Expert witnesses lined up in Girl Doe lawsuit

With no decision yet on the motion to dismiss filed by the town’s attorneys, a Stamford Superior Court trial is still scheduled for Nov. 1 in the lawsuit filed by a family who claims their daughter was molested by former paraprofessional Eric Von Kohorn. The family claims Von Kohorn inappropriately touched their preschool-aged daughter when he took her to the bathroom at Miller-Driscoll School in 2013.

Attorneys for the town and Board of Education disclosed on Sept. 1 a list of expert witnesses they expect to call should the suit make it to trial. Four of them have also been listed by attorneys for the plaintiff.

Experts for the defense include:

  • Dr. Sharon Cooper, a board-certified pediatrician from Fort Bragg, N.C.;

  • Dominic F. Gullo, Ph.D., professor of early childhood education and associate dean for research in the Drexel University School of Education in Philadelphia;

  • James A. Monk, Ed.D., president of Frontline Associates in Danbury, and consultant to schools and legal firms on public education;

  • Eileen C. Treacy, Ph.D., a psychologist from Bronx, N.Y., specializing in applied developmental psychology;

  • Jill Sherman, a behavioral therapist from Stamford at Waverly Group, who was the child’s therapist for a period of time;

  • James Martin, a licensed clinical social worker at Miller-Driscoll School.

Attorneys for the child, known in court documents as Girl Doe, and her family have also named Gullo, Sherman, Treacy, and Cooper as expert witnesses for the plaintiffs. An additional expert witness for the plaintiffs was identified as Karen Olio of Mental Health Service in Norwalk. These witnesses were named in May and July.

Thomas R. Gerarde of Howd & Ludorf LLC of Hartford, representing the town, asserted in the court document that Sherman said Girl Doe “would not tell the truth when the truth made her uncomfortable.” The document further says “Ms. Sherman’s treatment of Girl Doe addressed behaviors relating to inaccurate reporting, fabricating, lying, not telling the truth, as well as behaviors that were manipulative or controlling.”

Paul Slager of Silver Golub & Teitell LLP in Stamford, attorney for Girl Doe and her parents, said in a document filed with the court  that Sherman may be called to testify about her opinions on the girl’s condition and prognosis, the causes of the girl’s condition and prognosis and aspects of her evaluation and treatment of the girl.

Gerarde expects Gullo to testify that a school is not required to terminate an employee when the employee denies any wrongdoing and there is no eyewitness or video evidence to support a complaint of abuse.

A document filed by the plaintiffs said Gullo was expected to offer an opinion that Girl Doe’s report of abuse must be considered truthful given her age and stage of development at the time the report was made. She had just turned 4.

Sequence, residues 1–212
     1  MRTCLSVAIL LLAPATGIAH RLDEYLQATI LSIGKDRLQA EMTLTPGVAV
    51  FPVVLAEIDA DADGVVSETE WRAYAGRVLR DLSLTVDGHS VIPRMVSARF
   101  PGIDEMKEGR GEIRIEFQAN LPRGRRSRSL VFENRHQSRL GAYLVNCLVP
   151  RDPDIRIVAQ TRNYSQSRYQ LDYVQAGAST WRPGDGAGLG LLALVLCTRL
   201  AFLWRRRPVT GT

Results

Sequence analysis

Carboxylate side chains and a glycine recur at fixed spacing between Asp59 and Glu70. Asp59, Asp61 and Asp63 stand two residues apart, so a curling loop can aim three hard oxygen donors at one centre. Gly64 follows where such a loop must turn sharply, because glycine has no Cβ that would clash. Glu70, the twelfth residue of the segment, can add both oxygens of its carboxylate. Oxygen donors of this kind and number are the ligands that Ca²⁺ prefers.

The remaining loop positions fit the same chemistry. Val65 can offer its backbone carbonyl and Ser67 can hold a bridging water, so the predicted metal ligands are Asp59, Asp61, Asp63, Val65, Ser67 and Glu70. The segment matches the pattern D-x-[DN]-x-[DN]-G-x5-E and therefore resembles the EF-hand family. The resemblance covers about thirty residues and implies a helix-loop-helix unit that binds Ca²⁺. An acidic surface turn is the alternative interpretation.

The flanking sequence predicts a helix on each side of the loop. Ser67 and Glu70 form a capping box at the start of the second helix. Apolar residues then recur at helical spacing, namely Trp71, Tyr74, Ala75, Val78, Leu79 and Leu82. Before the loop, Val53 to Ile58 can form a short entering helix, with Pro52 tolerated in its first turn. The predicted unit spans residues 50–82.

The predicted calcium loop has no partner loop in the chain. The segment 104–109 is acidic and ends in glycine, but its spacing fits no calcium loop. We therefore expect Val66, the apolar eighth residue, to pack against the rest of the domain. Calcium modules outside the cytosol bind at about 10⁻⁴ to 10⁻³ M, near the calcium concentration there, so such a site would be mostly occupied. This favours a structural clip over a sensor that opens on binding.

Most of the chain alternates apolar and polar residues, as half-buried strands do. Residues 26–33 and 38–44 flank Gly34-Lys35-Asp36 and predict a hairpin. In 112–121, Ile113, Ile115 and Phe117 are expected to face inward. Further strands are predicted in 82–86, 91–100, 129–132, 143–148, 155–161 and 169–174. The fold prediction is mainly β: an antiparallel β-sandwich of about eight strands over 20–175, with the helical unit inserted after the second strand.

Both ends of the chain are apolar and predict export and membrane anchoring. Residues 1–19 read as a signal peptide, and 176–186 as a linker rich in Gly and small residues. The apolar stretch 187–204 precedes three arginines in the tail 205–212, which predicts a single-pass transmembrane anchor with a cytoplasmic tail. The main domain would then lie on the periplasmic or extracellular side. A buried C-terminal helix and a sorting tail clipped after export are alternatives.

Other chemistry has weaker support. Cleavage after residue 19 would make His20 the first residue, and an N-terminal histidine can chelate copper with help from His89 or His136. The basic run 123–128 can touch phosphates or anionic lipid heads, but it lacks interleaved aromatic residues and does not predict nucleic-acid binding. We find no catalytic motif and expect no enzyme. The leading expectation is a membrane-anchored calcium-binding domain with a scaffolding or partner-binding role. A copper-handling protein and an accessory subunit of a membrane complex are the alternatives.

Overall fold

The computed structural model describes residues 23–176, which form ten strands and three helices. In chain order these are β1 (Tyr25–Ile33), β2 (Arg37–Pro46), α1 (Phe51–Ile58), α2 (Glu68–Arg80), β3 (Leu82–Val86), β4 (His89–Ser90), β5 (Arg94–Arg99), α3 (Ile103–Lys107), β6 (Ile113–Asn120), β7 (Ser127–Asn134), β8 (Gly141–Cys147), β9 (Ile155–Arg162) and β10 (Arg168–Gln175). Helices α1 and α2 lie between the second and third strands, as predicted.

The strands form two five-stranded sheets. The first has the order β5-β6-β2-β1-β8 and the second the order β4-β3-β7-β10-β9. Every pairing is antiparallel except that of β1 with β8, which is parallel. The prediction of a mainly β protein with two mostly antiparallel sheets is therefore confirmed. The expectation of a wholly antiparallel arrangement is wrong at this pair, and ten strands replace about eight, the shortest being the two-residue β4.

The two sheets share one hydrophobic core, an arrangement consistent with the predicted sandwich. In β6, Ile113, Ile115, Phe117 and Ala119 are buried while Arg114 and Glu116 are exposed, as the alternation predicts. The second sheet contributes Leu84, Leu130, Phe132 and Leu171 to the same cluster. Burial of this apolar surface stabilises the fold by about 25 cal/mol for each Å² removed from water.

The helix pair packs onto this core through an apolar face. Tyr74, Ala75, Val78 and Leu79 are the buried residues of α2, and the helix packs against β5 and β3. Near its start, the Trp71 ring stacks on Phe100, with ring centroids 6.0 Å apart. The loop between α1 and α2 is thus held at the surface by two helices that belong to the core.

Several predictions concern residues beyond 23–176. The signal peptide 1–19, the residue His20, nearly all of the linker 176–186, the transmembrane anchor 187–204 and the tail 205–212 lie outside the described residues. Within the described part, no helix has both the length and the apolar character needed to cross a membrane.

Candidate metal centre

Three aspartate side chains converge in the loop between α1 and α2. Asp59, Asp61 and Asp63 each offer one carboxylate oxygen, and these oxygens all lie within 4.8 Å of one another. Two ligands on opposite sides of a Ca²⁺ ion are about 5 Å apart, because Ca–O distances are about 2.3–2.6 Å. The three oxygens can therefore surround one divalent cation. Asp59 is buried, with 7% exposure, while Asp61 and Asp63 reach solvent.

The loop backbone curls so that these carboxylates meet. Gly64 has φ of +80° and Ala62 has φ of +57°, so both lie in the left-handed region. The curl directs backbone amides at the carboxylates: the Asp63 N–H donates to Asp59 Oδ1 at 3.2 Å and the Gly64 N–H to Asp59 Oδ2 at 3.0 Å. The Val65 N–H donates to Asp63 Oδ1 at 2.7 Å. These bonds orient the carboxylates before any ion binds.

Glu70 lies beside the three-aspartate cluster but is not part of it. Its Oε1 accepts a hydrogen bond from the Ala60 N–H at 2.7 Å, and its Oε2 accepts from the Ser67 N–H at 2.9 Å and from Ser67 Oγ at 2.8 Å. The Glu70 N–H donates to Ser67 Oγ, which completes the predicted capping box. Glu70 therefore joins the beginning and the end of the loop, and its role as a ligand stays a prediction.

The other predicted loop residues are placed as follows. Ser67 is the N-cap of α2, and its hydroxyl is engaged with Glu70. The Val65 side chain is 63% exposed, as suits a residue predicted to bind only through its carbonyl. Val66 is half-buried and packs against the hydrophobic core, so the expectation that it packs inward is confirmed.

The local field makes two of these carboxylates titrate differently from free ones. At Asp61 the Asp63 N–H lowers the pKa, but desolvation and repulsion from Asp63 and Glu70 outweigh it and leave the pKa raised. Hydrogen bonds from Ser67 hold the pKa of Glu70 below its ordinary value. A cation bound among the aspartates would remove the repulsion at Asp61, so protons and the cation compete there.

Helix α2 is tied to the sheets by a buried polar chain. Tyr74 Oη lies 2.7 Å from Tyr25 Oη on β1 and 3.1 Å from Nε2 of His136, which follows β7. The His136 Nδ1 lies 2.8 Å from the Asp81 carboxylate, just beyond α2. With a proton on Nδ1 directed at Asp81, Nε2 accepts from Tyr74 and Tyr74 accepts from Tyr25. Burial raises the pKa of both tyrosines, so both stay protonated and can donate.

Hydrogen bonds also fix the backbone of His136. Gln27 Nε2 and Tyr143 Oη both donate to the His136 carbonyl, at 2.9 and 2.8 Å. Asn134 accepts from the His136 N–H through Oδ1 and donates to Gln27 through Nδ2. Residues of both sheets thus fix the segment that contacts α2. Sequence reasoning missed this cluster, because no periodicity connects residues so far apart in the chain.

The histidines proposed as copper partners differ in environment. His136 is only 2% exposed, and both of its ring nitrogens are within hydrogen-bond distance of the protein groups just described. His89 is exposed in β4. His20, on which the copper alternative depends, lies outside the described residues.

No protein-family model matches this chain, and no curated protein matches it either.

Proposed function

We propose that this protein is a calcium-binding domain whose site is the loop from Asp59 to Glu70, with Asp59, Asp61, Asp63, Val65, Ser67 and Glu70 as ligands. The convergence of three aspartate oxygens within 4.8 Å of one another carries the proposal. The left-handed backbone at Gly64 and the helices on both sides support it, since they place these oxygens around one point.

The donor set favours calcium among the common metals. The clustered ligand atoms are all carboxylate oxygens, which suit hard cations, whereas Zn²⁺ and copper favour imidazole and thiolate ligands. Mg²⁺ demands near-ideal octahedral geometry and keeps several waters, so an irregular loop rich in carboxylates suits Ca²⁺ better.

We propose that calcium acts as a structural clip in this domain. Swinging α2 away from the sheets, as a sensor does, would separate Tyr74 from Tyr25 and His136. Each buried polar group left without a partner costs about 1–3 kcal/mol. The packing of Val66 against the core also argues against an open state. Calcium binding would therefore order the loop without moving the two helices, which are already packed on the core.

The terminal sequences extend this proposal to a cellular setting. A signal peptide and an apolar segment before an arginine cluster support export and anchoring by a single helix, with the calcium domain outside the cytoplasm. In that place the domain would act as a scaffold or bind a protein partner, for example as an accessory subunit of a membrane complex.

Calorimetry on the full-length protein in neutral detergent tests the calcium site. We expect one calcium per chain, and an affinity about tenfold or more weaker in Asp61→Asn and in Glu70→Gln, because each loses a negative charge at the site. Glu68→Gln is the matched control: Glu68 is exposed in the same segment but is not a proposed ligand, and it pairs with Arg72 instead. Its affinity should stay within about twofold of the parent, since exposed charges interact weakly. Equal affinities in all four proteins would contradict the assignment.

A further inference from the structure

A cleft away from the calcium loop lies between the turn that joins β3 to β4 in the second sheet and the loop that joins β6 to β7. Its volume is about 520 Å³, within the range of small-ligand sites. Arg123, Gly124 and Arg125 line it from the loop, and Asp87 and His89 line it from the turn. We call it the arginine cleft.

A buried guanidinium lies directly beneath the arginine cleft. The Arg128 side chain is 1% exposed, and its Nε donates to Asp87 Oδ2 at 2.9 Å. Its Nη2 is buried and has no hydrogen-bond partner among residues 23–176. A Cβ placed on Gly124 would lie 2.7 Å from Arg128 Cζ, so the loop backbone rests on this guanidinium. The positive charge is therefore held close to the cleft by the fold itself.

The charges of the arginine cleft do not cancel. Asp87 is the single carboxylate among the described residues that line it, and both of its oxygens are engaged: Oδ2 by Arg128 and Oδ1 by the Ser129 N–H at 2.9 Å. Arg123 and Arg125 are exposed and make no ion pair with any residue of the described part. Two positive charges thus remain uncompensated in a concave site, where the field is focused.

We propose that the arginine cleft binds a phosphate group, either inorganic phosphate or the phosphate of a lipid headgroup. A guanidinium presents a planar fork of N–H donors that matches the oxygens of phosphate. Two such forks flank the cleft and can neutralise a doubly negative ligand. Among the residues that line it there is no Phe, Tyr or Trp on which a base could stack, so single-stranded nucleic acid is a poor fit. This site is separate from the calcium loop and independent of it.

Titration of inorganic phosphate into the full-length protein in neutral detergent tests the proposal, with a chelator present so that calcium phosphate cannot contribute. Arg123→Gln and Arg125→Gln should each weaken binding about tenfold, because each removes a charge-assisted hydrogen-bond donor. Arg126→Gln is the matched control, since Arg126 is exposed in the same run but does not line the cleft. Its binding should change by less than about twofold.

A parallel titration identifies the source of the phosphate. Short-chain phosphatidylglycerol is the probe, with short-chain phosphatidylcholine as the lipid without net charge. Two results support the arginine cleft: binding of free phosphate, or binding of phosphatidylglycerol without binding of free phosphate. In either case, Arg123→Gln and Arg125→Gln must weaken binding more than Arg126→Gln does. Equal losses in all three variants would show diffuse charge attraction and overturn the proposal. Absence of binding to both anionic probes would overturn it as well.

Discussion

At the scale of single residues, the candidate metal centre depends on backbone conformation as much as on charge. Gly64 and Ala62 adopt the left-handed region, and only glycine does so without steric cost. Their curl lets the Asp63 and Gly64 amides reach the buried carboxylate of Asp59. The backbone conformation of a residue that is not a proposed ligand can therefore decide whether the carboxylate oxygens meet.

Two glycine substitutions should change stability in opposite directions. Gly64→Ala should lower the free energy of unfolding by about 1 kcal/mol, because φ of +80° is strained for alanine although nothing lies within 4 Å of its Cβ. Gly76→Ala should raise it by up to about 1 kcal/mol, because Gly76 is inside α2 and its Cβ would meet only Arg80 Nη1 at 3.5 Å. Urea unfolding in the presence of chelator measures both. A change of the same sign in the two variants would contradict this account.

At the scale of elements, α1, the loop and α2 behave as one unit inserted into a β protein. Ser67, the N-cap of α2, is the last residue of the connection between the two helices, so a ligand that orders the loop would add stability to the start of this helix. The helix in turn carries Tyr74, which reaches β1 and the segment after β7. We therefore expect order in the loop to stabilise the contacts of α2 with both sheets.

He is also expected to tell the court that the failure of Fred Rapczynski, then director of the preschool and now retired, and other school employees to recognize the girl’s report as credible was negligent.

Martin is expected to testify that when he met with Girl Doe and her parents as part of an initial evaluation for the girl’s eligibility for special education services, the parents expressed a number of concerns that their daughter was impulsive, aggressive, expressed anger towards her mother and had difficulty with peer relationships.

Gerarde also anticipated Martin would offer the opinion that Girl Doe demonstrated sexualized behaviors prior to her report of abuse by Von Kohorn.

Martin’s deposition was used by the plaintiffs in their objection to the town’s motion to dismiss.

Treacy, who is also an independent court expert, will address the role of a child abuse investigator and information gleaned on her forensic investigation of Girl Doe in November 2014. Among the questions the girl was asked, according to the court document submitted, was if anyone had ever touched her private parts and she said “never,” except for her mother, and did not mention Von Kohorn.

The plaintiffs expect Treacy to say Girl Doe will likely need intermittent cognitive/behavioral/trauma-focused therapy at times in her life to deal with her sexual development. She is also expected to say the girl’s parents, particularly her mother, feel betrayed by the school system.

Cooper, who is a forensic pediatrician at the Womack Army Medical Center in Fort Bragg, is expected to say Girl Doe’s allegedly aggressive behavior on the playground is part of normal development and any sexualized behavior — as opposed to sexually explicit behavior — is not necessarily indicative of abuse. She is also expected to say a child abuse investigator should take into account any history the child has of lying or exaggerating.

Cooper, who has evaluated Girl Doe and her parents, is expected to say for the plaintiffs that Girl Doe suffered physically from the alleged abuse and psychologically from “the rejection of her efforts to disclose her abuse.” The girl is also unable to focus, is anxious, and exhibits a strong negative reaction to men who physically resemble Von Kohorn, the document says.

Monk’s testimony is expected to cover how district personnel met “the standard of care” regarding the hiring and supervision of Von Kohorn and subsequent report of abuse.

Olio treated Girl Doe’s parents and may be called to testify about their condition and prognosis related to the report of abuse.